AlN:Dy

AlN:Dy (Dy 1 atomic percent) powder samples were synthesized by the following procedure. In the first step (Equation 4), nitrates of aluminum and dysprosium are dissolved in deionized water. The required amount of ammonium hydroxide is then added to form a semi-solid gel of aluminum-dysprosium-hydroxide that is separated by filtration. The hydroxide is then rinsed with deionized water until no change in the pH of the filtrate is observed.
0.99Al(NO3)3(aq)+(0.01)Dy(NO3)3(aq)+3NH4OH

Al0.99Dy0.01(OH)3(s)+3NH4NO3  (4)

In the second step the cleaned hydroxide is reacted with a concentrated ammonium fluoride solution according to the following reaction:
Al0.99Dy0.01(OH)3(s)+6NH4F(aq)

(NH4)3Al0.99Dy0.01F6(s)+3H2O(/)+3NH3(g)  (5)

The fluoride product is then introduced into a furnace and dried at 200° C. for 12 hours. Once the product (NH4)3Al0.99Dy0.01F6 is dry, it is heated in an ultrahigh purity ammonia atmosphere at high temperature (900° C. for 2.5 hours) to convert the fluorides to nitrides. This step can be represented as:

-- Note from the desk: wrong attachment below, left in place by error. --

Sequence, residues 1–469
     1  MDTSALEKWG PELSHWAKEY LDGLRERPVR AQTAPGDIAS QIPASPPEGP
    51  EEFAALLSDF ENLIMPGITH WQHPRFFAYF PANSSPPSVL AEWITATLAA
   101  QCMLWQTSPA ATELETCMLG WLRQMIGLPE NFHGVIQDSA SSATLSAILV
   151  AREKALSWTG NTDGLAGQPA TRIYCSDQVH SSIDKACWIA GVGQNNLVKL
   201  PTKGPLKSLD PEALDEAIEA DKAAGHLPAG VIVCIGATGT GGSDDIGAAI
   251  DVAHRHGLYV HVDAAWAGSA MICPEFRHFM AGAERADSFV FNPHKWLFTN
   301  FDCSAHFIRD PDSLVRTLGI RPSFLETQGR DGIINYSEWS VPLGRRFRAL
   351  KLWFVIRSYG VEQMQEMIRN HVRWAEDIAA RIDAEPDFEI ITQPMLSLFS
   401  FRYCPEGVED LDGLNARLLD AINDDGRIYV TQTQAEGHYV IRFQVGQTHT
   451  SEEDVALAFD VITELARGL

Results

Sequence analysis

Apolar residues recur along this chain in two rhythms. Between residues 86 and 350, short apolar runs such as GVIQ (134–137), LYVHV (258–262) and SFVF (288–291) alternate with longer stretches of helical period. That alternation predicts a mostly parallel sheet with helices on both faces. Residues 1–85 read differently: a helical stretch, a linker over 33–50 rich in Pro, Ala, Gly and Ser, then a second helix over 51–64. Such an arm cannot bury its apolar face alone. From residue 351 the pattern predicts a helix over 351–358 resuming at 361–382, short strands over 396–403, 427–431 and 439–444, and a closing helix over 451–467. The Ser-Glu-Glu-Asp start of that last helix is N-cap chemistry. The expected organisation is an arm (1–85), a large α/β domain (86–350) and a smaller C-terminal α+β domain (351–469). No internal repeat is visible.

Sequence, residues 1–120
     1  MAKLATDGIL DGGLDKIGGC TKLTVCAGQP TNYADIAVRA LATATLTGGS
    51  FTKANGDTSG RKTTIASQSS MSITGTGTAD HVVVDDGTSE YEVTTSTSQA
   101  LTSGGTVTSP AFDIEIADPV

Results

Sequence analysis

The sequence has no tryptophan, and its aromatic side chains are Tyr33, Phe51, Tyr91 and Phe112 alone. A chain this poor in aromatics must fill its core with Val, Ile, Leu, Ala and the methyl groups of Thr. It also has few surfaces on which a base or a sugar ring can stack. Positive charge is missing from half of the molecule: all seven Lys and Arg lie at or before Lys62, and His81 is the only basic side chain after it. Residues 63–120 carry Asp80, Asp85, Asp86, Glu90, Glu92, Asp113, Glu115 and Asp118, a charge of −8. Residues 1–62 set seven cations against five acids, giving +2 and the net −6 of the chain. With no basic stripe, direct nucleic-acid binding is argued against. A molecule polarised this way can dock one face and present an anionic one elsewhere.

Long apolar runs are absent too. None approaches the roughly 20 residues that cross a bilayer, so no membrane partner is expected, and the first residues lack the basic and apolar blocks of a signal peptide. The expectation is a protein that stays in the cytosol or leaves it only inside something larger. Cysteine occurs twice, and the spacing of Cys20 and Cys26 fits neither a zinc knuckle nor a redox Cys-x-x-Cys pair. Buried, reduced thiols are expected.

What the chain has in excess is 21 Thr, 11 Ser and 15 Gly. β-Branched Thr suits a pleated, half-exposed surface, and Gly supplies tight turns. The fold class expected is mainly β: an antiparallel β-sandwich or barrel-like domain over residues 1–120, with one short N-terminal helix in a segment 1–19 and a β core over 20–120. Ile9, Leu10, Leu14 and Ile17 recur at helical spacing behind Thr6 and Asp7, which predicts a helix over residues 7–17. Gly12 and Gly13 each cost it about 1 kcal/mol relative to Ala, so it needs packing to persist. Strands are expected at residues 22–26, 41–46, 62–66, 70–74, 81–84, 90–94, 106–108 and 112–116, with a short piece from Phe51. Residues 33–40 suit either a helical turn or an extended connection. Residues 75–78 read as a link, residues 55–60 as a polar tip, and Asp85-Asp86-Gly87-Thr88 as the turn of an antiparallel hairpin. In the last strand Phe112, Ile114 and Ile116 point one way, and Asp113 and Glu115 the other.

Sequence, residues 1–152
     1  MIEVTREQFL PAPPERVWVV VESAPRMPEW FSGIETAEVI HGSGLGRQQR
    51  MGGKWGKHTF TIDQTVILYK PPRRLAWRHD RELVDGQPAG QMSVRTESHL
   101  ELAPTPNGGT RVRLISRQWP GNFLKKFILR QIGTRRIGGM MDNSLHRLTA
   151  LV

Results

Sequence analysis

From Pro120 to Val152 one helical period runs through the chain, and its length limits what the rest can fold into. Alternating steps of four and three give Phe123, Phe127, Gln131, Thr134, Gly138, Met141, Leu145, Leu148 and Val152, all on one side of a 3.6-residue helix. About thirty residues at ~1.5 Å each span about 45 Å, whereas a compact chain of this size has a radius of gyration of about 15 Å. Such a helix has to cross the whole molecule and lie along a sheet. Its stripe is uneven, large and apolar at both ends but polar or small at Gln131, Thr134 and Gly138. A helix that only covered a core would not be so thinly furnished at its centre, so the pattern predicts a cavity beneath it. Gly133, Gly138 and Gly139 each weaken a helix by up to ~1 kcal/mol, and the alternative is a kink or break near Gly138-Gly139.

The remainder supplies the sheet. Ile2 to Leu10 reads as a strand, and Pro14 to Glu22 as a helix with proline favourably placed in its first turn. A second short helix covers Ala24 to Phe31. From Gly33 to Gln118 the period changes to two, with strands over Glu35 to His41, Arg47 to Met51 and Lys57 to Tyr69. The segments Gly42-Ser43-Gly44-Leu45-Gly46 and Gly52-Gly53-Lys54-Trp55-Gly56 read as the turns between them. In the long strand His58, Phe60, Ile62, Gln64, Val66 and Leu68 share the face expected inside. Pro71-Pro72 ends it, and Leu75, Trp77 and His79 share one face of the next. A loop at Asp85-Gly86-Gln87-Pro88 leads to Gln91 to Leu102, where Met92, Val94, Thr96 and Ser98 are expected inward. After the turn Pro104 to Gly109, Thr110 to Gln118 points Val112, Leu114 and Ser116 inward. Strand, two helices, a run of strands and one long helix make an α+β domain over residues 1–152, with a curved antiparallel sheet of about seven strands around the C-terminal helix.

(NH4)3Al0.99Dy0.01F6(s)+4NH3(g)

Al0.99Dy0.01N(s)+6NH4F(g)  (3)

FIG. 1 shows the room temperature photoluminescence (PL) spectrum of an AlN:Dy sample compared to an undoped AlN sample synthesized by the same method. The excitation wavelength is 250 nm. As shown in FIG. 1, the f-f intra-configurational transitions associated with Dy3+ ions are observed and identified. These results indicate that in the synthesized powder sample, the Dy dopant is optically active in the trivalent state. The PL spectrum for undoped AlN is dominated by broad defect-related emissions peaked around 500 nm. In the Dy-doped AlN sample, this defect emission is effectively quenched.

The PL spectrum shown in FIG. 1 indicates AlN:Dy synthesized by this method is a yellow phosphor, which has the strongest radiative emission (4F9/2-6H13/2) at 575 nm. To determine the excitation processes leading to the Dy3+ 4F9/2-6H13/2 transition in AlN, the UV-Visible excitation spectrum is measured with the emission wavelength fixed at 575 nm while the excitation wavelength was scanned between 200 and 560 nm. The resulting photoluminescence excitation (PLE) spectrum is shown in FIG. 2.